Tunbridge Wells academic’s place in the fall of the British Empire in India

Subhas Chandra Bose

It was described as a life-changing moment between two men – one a teacher from Tunbridge Wells, the other his pupil in India.

As brief as the encounter was, it would set in chain events which would spell the end of British India.

Professor Edward Farley Oaten was assaulted by a firebrand, his 19-year-old student Subhas Chandra Bose, who would later become a driven fighter for Indian freedom.


The radicalised militant, who forged a powerful alliance with the Nazis, was credited by Prime Minister Clement Atlee as being the inspiration for the Indian mutiny.

Bose died in 1945, before his dream of Indian independence was realised, but Professor Oaten dedicated a poem to him in his obituary.

It starts with the words: “Did I once suffer, Subhas, at your hands?”

Later the verse likens him to the mythical Icarus – who flew too close to the sun – in a reference to his death in a plane crash.

Film maker

Now a film-maker is writing a screenplay featuring Prof Oaten and his life.

Erland Haugen would like to hear from local historians who may have any information – especially poetry – on Prof Oaten.

Although Prof Oaten had a distinguished career, it was his encounter with Bose and the poem he wrote to his memory which cements his place in the history of the empire.

According to research conducted by the Open University, Bose went to Calcutta in 1913 to attend the Presidency College.

In 1916, Bose was expelled for his complicity in beating Prof Oaten, whom he had heard had allegedly manhandled some Indian students.

Bose had been involved in student political groups in Calcutta and received much sympathy for his expulsion. He joined Scottish Church College and graduated in 1919 with a degree in philosophy.

Both men would acknowledge later how the incident was life-changing in very different ways.

Subhas Chandra Bose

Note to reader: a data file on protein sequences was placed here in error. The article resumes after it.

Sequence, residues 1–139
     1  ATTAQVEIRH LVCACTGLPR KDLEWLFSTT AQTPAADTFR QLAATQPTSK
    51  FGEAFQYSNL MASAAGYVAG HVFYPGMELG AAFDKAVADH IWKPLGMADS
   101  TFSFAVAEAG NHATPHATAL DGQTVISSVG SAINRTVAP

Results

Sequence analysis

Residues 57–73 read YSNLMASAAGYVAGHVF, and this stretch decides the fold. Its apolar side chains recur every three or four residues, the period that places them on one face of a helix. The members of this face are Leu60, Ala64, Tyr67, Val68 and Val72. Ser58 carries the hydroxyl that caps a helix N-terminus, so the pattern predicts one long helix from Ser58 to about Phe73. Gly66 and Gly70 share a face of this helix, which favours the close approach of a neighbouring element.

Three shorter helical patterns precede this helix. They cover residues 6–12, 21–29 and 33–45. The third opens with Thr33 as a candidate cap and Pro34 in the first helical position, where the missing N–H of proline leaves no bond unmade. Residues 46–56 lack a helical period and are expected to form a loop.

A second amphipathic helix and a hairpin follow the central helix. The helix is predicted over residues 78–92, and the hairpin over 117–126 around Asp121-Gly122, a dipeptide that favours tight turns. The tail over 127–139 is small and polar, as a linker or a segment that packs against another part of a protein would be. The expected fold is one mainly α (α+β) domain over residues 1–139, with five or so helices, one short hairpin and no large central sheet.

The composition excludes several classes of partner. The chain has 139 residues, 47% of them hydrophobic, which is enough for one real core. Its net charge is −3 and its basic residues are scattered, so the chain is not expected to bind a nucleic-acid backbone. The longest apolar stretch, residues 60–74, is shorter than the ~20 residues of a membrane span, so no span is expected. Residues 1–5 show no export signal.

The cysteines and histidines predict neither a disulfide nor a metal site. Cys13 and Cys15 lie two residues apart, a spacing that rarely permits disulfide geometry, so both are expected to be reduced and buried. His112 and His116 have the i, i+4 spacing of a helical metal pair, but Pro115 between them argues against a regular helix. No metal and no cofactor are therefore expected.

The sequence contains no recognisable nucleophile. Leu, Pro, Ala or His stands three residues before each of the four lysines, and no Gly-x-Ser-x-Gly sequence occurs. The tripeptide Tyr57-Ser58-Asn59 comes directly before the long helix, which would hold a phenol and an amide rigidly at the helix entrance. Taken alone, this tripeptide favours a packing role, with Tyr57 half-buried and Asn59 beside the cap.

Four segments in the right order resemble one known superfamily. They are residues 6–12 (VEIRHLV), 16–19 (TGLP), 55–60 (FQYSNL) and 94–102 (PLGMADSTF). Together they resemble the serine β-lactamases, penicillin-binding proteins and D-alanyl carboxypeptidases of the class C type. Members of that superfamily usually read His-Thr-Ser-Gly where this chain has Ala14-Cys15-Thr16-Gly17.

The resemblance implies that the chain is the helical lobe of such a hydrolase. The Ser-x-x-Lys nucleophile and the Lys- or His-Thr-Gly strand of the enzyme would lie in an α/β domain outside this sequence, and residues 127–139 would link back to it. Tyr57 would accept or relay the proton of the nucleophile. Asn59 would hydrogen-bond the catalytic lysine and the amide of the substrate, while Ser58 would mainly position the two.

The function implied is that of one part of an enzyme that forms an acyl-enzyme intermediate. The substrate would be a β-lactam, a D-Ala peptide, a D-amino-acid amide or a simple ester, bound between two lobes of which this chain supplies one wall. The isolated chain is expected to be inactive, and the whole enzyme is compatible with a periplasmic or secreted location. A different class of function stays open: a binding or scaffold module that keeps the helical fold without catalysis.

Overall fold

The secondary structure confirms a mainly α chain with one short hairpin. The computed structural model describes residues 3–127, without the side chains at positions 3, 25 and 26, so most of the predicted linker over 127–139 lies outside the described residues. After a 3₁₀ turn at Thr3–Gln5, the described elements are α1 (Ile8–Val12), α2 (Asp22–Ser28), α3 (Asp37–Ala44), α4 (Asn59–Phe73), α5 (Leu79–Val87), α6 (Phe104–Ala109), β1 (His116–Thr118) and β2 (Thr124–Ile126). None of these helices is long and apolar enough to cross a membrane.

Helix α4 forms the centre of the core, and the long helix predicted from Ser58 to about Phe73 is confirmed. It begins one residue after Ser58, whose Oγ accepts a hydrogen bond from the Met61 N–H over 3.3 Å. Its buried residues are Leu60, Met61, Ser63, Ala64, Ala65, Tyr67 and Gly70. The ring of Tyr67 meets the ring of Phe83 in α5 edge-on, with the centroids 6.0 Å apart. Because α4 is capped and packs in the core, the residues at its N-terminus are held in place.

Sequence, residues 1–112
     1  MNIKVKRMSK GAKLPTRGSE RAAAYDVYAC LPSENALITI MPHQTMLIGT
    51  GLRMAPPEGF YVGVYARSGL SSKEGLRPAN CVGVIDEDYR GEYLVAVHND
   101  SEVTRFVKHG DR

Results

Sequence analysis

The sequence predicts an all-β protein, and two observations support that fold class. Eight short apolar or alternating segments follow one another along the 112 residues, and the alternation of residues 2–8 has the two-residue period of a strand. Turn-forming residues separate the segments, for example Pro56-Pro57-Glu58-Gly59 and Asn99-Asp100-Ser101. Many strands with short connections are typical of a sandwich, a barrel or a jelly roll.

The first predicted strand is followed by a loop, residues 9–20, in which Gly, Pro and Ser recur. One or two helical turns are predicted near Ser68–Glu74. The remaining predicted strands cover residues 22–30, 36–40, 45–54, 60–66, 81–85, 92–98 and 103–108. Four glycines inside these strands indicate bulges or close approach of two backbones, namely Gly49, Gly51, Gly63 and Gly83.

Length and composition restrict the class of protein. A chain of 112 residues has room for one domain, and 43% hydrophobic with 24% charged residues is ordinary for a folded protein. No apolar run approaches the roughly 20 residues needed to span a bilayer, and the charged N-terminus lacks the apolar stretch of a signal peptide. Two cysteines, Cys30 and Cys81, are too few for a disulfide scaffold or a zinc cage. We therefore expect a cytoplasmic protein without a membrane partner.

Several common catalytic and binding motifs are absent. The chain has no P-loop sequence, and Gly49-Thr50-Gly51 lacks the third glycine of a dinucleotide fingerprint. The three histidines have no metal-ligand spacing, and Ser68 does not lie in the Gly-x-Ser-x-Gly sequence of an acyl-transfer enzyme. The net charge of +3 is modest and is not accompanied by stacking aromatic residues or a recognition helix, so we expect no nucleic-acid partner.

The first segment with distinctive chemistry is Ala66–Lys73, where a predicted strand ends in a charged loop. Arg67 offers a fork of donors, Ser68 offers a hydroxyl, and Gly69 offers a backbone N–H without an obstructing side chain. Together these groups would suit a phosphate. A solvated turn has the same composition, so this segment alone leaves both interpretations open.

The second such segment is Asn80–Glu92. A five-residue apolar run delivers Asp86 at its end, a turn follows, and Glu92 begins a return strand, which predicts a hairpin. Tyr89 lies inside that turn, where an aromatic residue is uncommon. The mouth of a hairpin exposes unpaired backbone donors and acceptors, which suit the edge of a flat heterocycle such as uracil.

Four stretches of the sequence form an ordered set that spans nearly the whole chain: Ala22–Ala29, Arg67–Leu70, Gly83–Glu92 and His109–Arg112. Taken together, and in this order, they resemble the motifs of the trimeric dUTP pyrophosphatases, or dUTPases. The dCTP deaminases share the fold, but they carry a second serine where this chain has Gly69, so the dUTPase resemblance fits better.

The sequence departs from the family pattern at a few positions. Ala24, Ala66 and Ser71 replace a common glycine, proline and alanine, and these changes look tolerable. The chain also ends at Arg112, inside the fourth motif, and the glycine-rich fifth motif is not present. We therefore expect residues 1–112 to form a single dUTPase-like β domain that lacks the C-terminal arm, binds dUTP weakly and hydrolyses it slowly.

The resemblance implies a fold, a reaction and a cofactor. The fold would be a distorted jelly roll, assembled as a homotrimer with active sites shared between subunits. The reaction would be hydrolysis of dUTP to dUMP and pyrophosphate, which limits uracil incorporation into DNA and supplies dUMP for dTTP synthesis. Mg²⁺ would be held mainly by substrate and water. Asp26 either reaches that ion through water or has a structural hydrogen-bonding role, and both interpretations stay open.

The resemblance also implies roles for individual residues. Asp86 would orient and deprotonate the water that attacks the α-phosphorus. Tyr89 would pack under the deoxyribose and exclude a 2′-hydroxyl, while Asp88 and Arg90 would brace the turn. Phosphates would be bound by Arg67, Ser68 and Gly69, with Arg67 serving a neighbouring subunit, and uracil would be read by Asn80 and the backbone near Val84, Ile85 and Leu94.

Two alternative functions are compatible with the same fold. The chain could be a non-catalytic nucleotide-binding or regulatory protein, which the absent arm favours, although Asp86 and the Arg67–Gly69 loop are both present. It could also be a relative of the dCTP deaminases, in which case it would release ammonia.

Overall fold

Bose worked as the leader of the Bengal Congress and eventually the Indian National Congress, calling for industrialisation and the end to British rule over the country.

His politics came into conflict with the ideas offered by Mahatma Gandhi and Bose later allied himself with Japan to create the Indian National Army.

Mr Haugen said: “Any leads from local historians to find any ancestors of Oaten or any other poetry by him would be much appreciated. I am writing a screenplay and hope you find this story about a Tunbridge Wells man as interesting as I do.”

Prof Oaten died in his home town in 1973, aged 88.

Professor Oaten’s poem reads:

Did I once suffer, Subhas, at your hands?
Your patriot heart is stilled, I would forget!
Let me recall but this, that while as yet
The Majesty that you once challenged in your land
Was mighty; Icarus-like your courage planned
To mount the skies, and storm in battle set
The ramparts of High Heaven, to claim the debt
Of freedom owed, on plain and rude demand.
High Heaven yielded, but in dignity
Like Icarus, you sped towards the sea.
Your wings were melted from you by the sun,
The genial patriot fire, that brightly glowed
In India’s mighty heart, and flamed and flowed
Forth from her Army’s thousand victories won

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